Max is a typical, struggling Angeleno. He is barely making ends meet with his job and needs an escape. In his car visor, he keeps a picture of an island with crystal blue skies instead of our smog. This simple picture serves as an escape from Los Angeles, ironically a place where many wish they were. Rush hour traffic on the 101 and 405 keeps Angelenos trapped in their cars, which become their islands on wheels. "Island on Wheels" is the name of the limo company that Max wants to create and has been dreaming of for 10 years.

The music is used as a commentary on the city’s diversity. The genre switches as each victim is killed—Spanish-flavored music for the Latino man, jazz for the black club owner in Crenshaw and techno in the club in Koreatown. When Max feels most insignificant, the lyrics "I can tell you why people die alone" from Audioslave’s song "Shadow on the Sun" is blasted. After that, all you hear are Vincent’s cold-blooded words: "A guy gets on the MTA here and dies. You think anybody’ll notice?"

Rebel Without a Cause
By Katie Havard, 15, New Roads School (Santa Monica)

As James Dean’s character races along the cliffs of Los Angeles in one of Rebel Without a Cause’s most dramatic scenes, he’s more like the flowers that grow along the canyons he speeds by than the car he speeds in. He isn’t a cold, tough-as-nails unbreakable machine. He’s beautiful but toxic and fragile. Like the city he lives in, he’s this whole mess of vices and sadness just under a seemingly perfect surface.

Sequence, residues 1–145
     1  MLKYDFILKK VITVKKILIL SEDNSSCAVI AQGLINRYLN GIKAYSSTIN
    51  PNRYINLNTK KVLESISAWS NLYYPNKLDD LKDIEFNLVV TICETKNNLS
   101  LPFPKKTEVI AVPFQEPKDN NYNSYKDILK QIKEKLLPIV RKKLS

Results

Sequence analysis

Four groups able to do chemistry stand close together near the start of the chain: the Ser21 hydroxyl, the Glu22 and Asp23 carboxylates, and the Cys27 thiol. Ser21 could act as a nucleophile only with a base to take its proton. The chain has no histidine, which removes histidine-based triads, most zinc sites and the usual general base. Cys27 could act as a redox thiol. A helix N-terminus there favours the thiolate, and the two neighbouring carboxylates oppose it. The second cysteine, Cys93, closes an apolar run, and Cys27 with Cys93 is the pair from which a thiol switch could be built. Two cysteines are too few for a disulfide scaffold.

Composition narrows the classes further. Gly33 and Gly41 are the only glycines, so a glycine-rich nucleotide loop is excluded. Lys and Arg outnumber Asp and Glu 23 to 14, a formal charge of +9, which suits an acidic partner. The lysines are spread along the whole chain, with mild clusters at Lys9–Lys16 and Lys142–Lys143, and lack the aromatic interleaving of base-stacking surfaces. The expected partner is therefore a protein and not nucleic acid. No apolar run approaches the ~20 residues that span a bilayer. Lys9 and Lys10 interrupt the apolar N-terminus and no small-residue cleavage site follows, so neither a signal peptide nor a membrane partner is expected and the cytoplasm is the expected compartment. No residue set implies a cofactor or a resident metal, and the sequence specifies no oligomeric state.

Rebel Without a Cause shows a Los Angeles, where you can be, as James Dean’s character was, beat up and picked on and miserable, but you can also meet Natalie Wood and fall in love (in the space of a few days, no less.) In our image-obsessed city a lot of the times, it matters more to people what is happening on the surface versus what is really going on. James Dean, like so many Angelinos, spends much of his time trying to be something that he’s not—a jaded, hardened, tough guy—and projecting this image leads to having to defend it (the chicky run, or drag race) resulting only in misery. This film is a cautionary tale to us teenagers to stop trying to be things that we are not.

Anyone can easily identify James Dean (leather jacket-clad, hair slicked back, smoking dejectedly) as the epitome of 1950s cool. However, in this movie his character, Jim Stark, is an outcast and a loner, and not in a good way. He is, in fact, quite the loser. And a mentally unstable loser at that. He’s the new kid in town and the kids in his new school are less than welcoming. Before his first day of school he gets harassed inside the walls of his rich, secluded neighborhood in the hills. They pull a knife on him, too. Unfortunately, everything that could possibly go wrong from here on out does, and the movie ends with the main characters still in a mess.

Los Angeles is doubtless filled with a million rebels without causes who deal with the apathy of day-to-day teenage life by creating drama that stems from seemingly arcane origins. It might be best to avoid these guys, if only to avoid them tearing you apart.